dramatize vs pad what difference

what is difference between dramatize and pad

English

Etymology

From drama +‎ -ize.

Verb

dramatize (third-person singular simple present dramatizes, present participle dramatizing, simple past and past participle dramatized)

  1. to adapt a literary work so that it can be performed in the theatre, or on radio or television
  2. to present something in a dramatic or melodramatic manner

Translations


Portuguese

Verb

dramatize

  1. first-person singular (eu) present subjunctive of dramatizar
  2. third-person singular (ele and ela, also used with você and others) present subjunctive of dramatizar
  3. third-person singular (você) affirmative imperative of dramatizar
  4. third-person singular (você) negative imperative of dramatizar


English

Pronunciation

  • IPA(key): /pæd/
  • Hyphenation: pad
  • Rhymes: -æd

Etymology 1

1554, “bundle of straw to lie on”, probably from Low German or West Flemish pad (sole of the foot), perhaps ultimately from Proto-Indo-European *pent- (to pass), which would make it related to both path and find.

Noun

pad (plural pads)

  1. A flattened mass of anything soft, to sit or lie on.
  2. A cushion used as a saddle without a tree or frame.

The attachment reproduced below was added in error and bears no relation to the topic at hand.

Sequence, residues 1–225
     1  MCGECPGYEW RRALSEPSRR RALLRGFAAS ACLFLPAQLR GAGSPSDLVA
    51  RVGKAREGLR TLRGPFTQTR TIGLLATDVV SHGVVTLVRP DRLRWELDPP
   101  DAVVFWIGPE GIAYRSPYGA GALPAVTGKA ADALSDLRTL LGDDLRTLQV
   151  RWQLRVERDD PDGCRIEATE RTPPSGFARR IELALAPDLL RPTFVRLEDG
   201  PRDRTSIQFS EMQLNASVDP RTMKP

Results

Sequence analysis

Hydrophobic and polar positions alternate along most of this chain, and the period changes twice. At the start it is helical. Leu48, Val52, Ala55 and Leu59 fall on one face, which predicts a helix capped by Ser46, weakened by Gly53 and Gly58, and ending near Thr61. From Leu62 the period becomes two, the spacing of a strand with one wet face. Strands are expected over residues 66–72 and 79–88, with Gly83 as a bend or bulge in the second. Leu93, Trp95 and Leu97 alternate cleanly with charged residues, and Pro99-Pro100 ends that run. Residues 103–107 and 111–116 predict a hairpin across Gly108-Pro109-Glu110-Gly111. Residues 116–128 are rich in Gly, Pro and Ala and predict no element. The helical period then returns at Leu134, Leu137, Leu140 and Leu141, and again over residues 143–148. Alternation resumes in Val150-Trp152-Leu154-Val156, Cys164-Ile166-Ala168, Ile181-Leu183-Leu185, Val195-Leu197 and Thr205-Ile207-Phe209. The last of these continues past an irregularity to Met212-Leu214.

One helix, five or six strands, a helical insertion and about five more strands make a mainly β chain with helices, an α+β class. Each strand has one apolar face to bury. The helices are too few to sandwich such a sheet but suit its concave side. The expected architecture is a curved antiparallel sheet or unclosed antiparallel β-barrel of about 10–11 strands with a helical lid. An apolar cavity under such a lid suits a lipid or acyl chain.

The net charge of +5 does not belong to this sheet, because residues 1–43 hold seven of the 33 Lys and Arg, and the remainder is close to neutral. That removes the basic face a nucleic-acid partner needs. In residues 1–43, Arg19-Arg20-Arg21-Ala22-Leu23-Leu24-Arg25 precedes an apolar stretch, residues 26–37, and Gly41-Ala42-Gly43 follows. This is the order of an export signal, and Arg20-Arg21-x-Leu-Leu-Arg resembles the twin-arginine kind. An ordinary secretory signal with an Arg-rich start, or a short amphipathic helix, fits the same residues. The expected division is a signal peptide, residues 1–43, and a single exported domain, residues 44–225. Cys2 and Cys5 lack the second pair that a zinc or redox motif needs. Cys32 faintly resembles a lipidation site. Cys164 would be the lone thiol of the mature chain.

3. A soft, or small, cushion.
  4. A cushion-like thickening of the skin on the under side of the toes of animals.
  5. The mostly hairless flesh located on the bottom of an animal’s foot or paw.
  6. Any cushion-like part of the human body, especially the ends of the fingers.
  7. A stuffed guard or protection, especially one worn on the legs of horses to prevent bruising.
  8. A soft bag or cushion to relieve pressure, support a part, etc.
  9. A sanitary napkin.
  10. (US) A floating leaf of a water lily or similar plant.
  11. (cricket) A soft cover for a batsman’s leg that protects it from damage when hit by the ball.
  12. A kind of cushion for writing upon, or for blotting, especially one formed of many flat sheets of writing paper; now especially such a block of paper sheets as used to write on.
  13. A panel or strip of material designed to be sensitive to pressure or touch.
  14. A keypad.
  15. A flat surface or area from which a helicopter or other aircraft may land or be launched.
  16. An electrical extension cord with a multi-port socket on one end: “trip cord”
  17. The effect produced by sustained lower reed notes in a musical piece, most common in blues music.